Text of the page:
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To Shame or Not To Shame: Addressing Cybersecurity Training Fails

October 27, 2021

You already know that security training is important. You can have all the technical safeguards implemented, but they can’t protect against every cyberattack. So, the best course of action is to have a robust training program for you and your employees.

We recommend cybersecurity training programs that include the following:

  • Monthly cybersecurity training about topics like ransomware, password habits, phishing, online safety
  • Quarterly phishing simulation campaigns that test your phishing-spotting skills

So let’s say your training program is underway. And you have your first set of training results.

Let’s say you have 12 employees, and the results look something like this:

  • 4 employees had scores of 100% in the monthly training and didn’t click any links in the phishing simulation 
  • 3 employees had scores of 90% in the monthly training and didn’t click any links in the phishing simulation 
  • 3 employees had scores of 100% in the monthly training but clicked the link in the phishing simulation
  • 2 employees had scores of 60% in the monthly training and clicked the link in the phishing simulation

How do you handle Cybersecurity Training results?

First, let’s talk about what NOT to do:

  • DO NOT just send around the results to all users in the organization. Sure, the people who did well might feel good, but the people who performed poorly will not.
  • DO NOT ignore the results. This is your chance to improve morale and future training sessions.
  • DO NOT make a Wall of Shame for those who performed poorly.
  • DO NOT administer any type of discipline (i.e. verbal or written warnings) - some companies do this, and it works for them, but overall we don’t recommend it

So, to sum up, don’t shame people, but don’t ignore the results either.

Ok, so what should you do with cybersecurity training results?

Recognize employees who do well

For employees who do well with the monthly cybersecurity training and phishing simulations - you need to recognize and encourage them.

By far, the most effective way is to make their performance part of the calculation of year-end bonuses and/or raises. This leaves no doubt in people's minds that it's an important priority, but personally and at the company level.

Let them know verbally or via email that they did well with the training and thank them for their efforts. A smallish $20 gift card would be a delightful addition as well! Remember that positive reinforcement is powerful. 

Now for the hard part - addressing the employees who performed poorly.

Address poor performers

Cybersecurity training encourage

Looking at the results above, if someone has high scores in the monthly training, but performed poorly in the phishing simulation, it might be best to have a quick conversation. 

“That last phishing simulation was tough, wasn’t it? What did you think?”

And see what they say. Here’s where it might be helpful to point out any red flags that you noticed in the phishing simulation.

And finally, what about employees who perform poorly in monthly training and phishing simulations?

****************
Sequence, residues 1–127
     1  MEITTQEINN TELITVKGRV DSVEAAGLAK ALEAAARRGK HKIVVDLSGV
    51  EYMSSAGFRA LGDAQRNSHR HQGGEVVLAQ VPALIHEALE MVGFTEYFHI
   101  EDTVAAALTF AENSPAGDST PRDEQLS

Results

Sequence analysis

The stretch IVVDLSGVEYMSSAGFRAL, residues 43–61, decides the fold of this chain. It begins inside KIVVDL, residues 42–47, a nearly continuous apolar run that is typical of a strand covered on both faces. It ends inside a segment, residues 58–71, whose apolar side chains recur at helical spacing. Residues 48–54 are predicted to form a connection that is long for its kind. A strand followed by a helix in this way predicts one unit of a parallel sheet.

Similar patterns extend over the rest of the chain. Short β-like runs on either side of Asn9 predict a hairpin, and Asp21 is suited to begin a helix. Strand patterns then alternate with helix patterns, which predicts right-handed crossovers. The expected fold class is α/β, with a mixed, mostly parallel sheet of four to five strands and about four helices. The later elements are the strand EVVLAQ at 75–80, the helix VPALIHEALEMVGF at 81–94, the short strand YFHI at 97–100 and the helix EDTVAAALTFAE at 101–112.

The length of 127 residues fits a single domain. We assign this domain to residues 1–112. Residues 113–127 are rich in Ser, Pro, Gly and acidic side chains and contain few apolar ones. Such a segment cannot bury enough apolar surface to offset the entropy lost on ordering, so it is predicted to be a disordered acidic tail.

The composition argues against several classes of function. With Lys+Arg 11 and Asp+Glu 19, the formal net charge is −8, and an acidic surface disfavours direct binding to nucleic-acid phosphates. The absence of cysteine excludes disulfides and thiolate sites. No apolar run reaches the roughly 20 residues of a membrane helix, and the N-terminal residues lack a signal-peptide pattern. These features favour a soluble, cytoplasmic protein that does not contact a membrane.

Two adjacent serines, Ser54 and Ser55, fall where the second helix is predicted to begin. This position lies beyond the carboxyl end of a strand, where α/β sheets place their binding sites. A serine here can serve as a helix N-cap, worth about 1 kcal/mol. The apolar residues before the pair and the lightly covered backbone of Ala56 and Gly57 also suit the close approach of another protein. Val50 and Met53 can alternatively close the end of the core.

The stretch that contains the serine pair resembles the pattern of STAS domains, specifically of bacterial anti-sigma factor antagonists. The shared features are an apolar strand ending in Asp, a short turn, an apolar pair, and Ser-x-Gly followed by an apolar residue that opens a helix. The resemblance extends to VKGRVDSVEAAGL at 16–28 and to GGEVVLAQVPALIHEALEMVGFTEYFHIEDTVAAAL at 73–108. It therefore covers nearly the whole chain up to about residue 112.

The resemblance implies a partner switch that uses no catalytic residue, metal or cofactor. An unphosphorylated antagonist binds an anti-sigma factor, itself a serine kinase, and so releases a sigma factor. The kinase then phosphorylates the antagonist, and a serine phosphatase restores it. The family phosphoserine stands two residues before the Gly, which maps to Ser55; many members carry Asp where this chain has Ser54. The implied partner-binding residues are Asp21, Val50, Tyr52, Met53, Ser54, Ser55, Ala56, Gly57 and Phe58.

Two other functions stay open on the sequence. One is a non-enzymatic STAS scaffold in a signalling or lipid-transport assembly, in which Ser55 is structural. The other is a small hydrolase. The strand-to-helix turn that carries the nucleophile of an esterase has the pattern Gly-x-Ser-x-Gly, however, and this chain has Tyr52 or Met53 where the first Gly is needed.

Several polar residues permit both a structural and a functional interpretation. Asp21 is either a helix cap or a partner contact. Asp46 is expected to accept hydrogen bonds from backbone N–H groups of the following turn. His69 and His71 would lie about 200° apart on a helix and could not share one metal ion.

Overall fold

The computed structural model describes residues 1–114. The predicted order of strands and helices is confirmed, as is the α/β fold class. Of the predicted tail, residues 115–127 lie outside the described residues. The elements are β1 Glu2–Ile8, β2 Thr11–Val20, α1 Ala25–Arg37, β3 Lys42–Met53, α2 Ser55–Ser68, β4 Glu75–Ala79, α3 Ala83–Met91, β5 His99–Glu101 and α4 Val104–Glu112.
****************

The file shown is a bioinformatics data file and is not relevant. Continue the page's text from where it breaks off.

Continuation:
Take action with your poorest performers

Cybersecurity training take action

There are a few ways you could address your poorest performers:

Make sure that people who perform poorly know that someone very senior in the company is seeing it.

The CEO calling a person to say "hey, what's up with your training results." Is going to be most effective. As you work your way down the seniority line (CXO → Director → Manager), it gets less effective. Having general functions like HR, compliance, or legal do it is better than nothing, but certainly doesn't reinforce the "this is critical to the company."

Some companies bring together people who do poorly for additional cybersecurity training. Rather than being generic training like most monthly videos are, this is more targeted to the people and their job functions. It can be offered as a stick ("you did so poorly you need more training") or a gentler approach ("we're having a group meeting to figure out why some people are struggling to get this wrong."). 

An important consideration is the job function of the people who are doing poorly. A financial advisor on an iPad is less worrying than the CFO on a Windows computer. Larger companies would actually consider changing someone's job duties or access to systems if they keep getting things wrong, but that approach won’t work for every company.

Conclusion

Cybersecurity training is important. But how you address the training can impact how your employees perform in the future. If employees fear getting in trouble, they may get flustered and react poorly by clicking on an actual phishing email link! 

Recognize your top performers and encourage your poor performers. Work with them to improve by starting a conversation and providing additional training if needed. Your employees are your last line of defense when it comes to phishing emails and other cyberattacks. 

If you need help with employee security training, we can help! We work with firms in highly-regulated industries like financial services, healthcare and government contracting. Contact us for more information. 

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